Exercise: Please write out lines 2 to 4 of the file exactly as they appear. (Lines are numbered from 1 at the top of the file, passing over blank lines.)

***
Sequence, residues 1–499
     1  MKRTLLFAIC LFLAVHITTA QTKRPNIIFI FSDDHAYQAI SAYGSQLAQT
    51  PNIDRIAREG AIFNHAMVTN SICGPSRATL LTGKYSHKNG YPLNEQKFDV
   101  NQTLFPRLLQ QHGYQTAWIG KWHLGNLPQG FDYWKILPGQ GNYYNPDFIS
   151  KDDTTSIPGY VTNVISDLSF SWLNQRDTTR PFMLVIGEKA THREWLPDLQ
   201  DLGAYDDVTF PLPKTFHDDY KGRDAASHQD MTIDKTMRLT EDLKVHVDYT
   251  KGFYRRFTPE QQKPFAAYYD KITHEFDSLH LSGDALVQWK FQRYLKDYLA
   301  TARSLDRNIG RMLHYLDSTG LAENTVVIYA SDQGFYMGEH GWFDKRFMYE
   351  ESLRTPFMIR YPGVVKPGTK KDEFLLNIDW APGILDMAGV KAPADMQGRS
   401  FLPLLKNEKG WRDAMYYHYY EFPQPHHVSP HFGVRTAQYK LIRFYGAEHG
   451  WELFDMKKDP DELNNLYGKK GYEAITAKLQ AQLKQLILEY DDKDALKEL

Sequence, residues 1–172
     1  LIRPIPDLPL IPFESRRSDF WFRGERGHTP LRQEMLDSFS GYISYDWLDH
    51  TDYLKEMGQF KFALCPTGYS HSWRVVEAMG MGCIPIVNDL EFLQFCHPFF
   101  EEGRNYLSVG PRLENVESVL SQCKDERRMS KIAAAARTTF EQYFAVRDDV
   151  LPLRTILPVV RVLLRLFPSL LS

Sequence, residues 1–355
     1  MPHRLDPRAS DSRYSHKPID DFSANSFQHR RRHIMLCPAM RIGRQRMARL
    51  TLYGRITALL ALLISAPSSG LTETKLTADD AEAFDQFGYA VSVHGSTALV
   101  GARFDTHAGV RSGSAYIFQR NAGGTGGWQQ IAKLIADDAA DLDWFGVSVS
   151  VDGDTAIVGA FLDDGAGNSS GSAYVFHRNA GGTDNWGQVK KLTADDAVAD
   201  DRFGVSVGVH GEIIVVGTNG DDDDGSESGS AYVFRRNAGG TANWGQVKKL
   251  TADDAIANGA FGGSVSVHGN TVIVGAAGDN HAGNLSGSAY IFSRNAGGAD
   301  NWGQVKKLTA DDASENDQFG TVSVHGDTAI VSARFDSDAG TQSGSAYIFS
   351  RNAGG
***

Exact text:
     1  MKRTLLFAIC LFLAVHITTA QTKRPNIIFI FSDDHAYQAI SAYGSQLAQT
    51  PNIDRIAREG AIFNHAMVTN SICGPSRATL LTGKYSHKNG YPLNEQKFDV
   101  NQTLFPRLLQ QHGYQTAWIG KWHLGNLPQG FDYWKILPGQ GNYYNPDFIS